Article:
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Understanding the CARIFORUM-European Union Economic Partnership Agreement

On 15 October 2008, the Caribbean became the first region among the African, Caribbean and Pacific (ACP)
group of countries to sign a ‘full’ Economic Partnership Agreement (EPA) with the European Union (EU).
Although the EPA process has generated widespread critical commentary, few analysts have stopped to
consider the motives of individual ACP countries and regions in their approach to the talks. In this paper we
consider the question of motives in relation to the CARIFORUM-EU EPA. Specifically, it asks why did
Caribbean trade negotiators feel it necessary or desirable to sign a ‘full’ EPA, containing numerous
provisions not actually mandated by the WTO, when the rest of the ACP was content to sign far less
ambitious ‘goods only’ interim agreements? In order to address this question, the paper goes beyond the
extant EU-ACP trade literature to draw insights from wider International Political Economy (IPE) scholarship,
which has analysed the actions of developing countries in relation to a whole range of ‘WTO-plus’ North-
South regional and bilateral FTAs. On this basis, the paper stands back from the complex details of the
agreement to analyse its wider significance, especially in terms the presumed trade-off between the
immediate economic benefits of improved and more secure market access against the longer-term costs of
sacrificing the regulatory autonomy, or policy space, deemed necessary to pursue the type of trade and
industrial policies deployed successfully in the past by both developed and (some) developing countries. Put
simply, the paper seeks to ascertain what ultimately the Caribbean gained from the EPA negotiations and at
what cost.

EU-Brazil Relations in a Time of Crisis: An Assessment of the Fifth EU-Brazil Summit

Volume, number, page: 
6:2, pp. 30-57
Considered Countries: 
This paper analyses the results of the 2011 EU-Brazil Summit within the context of the Eurozone crisis, the developments in the Middle East and the emergence of Brazil as a major player on the world stage. It does so through a discourse analysis of the Summit’s conclusion on issues of global, regional and bilateral relevance. The paper argues that developments within the framework of the Strategic Partnership have left a lot to be desired on a practical level, and argues that the reasons for its original inception were mostly related to political objectives rather than strong functional considerations. The paper is divided into three parts. The first reviews the history of the Strategic Partnership; the second seeks to explain the concept and incentives for the 2007 agreement; finally, the third part sheds light on the events surrounding the 2011 Summit and draws conclusions regarding its outcome.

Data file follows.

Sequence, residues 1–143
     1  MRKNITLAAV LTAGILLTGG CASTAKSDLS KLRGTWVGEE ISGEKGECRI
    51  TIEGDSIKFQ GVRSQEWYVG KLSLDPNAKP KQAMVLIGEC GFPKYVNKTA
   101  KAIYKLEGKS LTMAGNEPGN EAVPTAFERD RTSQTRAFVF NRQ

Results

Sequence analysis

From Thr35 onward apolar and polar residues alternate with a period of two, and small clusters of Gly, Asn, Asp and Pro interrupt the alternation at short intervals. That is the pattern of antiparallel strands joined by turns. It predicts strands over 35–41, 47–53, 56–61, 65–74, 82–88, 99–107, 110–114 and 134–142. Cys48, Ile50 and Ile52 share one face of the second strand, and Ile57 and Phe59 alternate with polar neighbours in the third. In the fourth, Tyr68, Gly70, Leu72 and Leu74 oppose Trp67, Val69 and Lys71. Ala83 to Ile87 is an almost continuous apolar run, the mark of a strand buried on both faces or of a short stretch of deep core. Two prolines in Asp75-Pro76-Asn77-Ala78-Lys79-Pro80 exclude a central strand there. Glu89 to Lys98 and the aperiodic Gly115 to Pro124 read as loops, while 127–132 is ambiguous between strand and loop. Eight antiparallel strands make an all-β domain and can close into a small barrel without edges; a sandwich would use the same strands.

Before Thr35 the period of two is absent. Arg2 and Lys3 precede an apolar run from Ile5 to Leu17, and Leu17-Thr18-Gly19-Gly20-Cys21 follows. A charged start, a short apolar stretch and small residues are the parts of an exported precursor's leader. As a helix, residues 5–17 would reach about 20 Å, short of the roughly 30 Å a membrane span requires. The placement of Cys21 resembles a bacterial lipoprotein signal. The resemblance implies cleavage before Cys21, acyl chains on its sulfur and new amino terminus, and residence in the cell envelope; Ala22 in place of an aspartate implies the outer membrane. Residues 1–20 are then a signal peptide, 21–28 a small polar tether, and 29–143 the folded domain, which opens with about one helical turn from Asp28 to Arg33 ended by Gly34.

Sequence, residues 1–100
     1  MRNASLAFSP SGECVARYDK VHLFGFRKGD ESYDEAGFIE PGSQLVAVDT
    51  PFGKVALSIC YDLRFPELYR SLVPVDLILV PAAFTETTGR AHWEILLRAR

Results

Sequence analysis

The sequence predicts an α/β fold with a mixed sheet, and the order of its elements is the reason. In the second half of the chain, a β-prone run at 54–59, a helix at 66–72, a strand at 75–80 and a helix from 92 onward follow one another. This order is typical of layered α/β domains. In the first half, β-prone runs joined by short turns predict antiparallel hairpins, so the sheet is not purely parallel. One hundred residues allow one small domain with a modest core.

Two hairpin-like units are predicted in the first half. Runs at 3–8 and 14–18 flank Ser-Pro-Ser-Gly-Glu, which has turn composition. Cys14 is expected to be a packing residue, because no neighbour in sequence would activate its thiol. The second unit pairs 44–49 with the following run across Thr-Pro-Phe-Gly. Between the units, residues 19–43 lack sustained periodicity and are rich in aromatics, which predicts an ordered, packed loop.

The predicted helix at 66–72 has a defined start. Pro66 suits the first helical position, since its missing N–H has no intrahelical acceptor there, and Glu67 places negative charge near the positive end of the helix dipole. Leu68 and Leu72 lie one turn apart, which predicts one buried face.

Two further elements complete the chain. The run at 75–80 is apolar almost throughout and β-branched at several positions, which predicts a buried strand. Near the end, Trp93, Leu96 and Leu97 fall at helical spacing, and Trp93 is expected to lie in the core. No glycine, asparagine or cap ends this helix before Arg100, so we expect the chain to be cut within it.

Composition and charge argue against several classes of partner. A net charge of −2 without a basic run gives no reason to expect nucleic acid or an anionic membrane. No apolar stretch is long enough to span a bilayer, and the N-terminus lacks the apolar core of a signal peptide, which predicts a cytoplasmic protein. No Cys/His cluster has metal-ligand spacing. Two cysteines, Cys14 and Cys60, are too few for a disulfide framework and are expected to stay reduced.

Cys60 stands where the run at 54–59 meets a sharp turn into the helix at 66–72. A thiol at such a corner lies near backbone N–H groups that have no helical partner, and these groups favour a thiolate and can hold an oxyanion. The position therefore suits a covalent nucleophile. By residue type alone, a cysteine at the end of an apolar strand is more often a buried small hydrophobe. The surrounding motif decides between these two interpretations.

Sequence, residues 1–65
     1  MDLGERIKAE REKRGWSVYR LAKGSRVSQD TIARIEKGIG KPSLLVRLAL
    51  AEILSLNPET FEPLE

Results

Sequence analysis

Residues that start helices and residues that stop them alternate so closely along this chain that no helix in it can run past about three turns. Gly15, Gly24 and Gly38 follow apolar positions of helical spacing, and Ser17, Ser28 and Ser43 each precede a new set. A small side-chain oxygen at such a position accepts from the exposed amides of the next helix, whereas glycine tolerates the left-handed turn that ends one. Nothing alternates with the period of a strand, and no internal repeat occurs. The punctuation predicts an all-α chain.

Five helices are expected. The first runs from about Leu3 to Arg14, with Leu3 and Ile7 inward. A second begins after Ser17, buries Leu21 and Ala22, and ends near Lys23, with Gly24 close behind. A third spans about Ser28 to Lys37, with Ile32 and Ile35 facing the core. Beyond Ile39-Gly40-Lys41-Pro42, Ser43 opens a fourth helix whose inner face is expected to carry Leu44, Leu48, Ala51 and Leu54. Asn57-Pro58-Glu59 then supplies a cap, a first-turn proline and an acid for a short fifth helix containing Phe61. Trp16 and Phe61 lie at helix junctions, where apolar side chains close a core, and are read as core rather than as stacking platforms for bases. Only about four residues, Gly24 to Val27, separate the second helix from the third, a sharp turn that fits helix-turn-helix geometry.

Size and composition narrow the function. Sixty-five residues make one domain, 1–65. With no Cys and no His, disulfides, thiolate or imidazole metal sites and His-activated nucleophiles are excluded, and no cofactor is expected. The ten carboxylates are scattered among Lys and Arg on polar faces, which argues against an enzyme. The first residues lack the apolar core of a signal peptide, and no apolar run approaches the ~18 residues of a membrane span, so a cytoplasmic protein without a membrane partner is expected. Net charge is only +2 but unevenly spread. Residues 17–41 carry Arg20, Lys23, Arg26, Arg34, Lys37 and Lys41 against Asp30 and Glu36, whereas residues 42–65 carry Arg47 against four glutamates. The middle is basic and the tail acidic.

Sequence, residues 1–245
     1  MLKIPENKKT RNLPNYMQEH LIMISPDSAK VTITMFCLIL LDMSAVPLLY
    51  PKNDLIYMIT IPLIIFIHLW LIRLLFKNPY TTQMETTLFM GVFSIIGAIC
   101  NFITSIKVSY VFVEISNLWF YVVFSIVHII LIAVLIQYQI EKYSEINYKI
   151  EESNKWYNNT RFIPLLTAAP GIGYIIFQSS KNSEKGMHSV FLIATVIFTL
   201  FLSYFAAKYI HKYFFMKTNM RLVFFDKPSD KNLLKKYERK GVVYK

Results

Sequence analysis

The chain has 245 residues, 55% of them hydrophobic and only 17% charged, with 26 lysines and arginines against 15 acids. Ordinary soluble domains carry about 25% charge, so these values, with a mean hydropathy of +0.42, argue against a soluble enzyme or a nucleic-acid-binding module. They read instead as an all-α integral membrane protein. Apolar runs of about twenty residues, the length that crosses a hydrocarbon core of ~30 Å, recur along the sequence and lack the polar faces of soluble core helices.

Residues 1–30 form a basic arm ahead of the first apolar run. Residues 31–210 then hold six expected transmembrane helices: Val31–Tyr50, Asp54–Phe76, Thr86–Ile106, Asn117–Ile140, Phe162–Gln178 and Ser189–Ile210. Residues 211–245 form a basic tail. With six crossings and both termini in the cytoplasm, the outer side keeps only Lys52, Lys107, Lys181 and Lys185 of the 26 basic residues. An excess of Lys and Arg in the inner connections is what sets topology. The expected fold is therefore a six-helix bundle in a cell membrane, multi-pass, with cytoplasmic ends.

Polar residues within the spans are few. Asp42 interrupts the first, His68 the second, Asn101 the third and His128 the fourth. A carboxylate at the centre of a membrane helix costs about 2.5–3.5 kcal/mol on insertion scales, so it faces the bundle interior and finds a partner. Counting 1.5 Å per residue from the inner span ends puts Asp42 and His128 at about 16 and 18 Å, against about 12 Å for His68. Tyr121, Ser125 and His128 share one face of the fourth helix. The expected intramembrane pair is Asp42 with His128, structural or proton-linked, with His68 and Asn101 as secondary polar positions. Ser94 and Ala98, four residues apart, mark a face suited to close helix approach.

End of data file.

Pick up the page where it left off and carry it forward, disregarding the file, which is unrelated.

The Odd Couple: The EU and Cuba 1996-2008

Brookings Institution
Washington D.C.
Considered Countries: 
What has EU policy towards Cuba achieved? What might have been done differently?
What lessons does EU policy offer for other countries in the context of a changing
regime in Havana? Is foreign policy a key component in any peaceful transition in

Latin American Regionalism and EU Studies

Volume, number, page: 
32:6, pp. 637-657
Outside Europe, nowhere but in Latin America have integration attempts
and thinking developed so extensively across space and so consistently over time. This
article introduces the historical waves of Latin American regionalism in order to discuss
the theories applied to account for, and frequently advocate, regional integration. The
aim is twofold: on the one hand, to assess the capacity to travel of theories that have
been crafted for the EU; on the other, to draw lessons from the Latin American experiences
that may contribute to advance integration theory in general and EU studies in

The New Boom in South-South Cooperation: The Experience of Ibero-America.

Buenos Aires
Volume, number, page: 
17:36, pp. 25-38
Considered Countries: 
The article reviews and characterizes the recent boom in South-South Cooperation (SSC) by focusing
on a specific experience: that of the member countries of the Ibero-American Conference and, in
particular, the nineteen Spanish and Portuguese-speaking Latin American countries (from Mexico to
Chile, including Cuba and Dominican Republic), plus Spain and Portugal. It seeks to understand a
kind of cooperation that is expanding under various different guises and gaining in importance in the
international development cooperation agenda with each passing year. Accordingly and in constant
reference to this specific case, the article first explores the way this kind of SSC is evolving, its new
scope, and its main features. Next, it reconstructs the bloc’s political discourse regarding SSC, as
well as the way it is pervading the international debate. With this in mind, it draws on the various
editions of the Report on South-South Cooperation in Ibero-America, prepared by the Ibero-American
General Secretariat (SEGIB), an analytical tool that, in addition to providing information, constitutes,
both in itself and by structure, an intergovernmental, horizontal, and collective instance of SSC.


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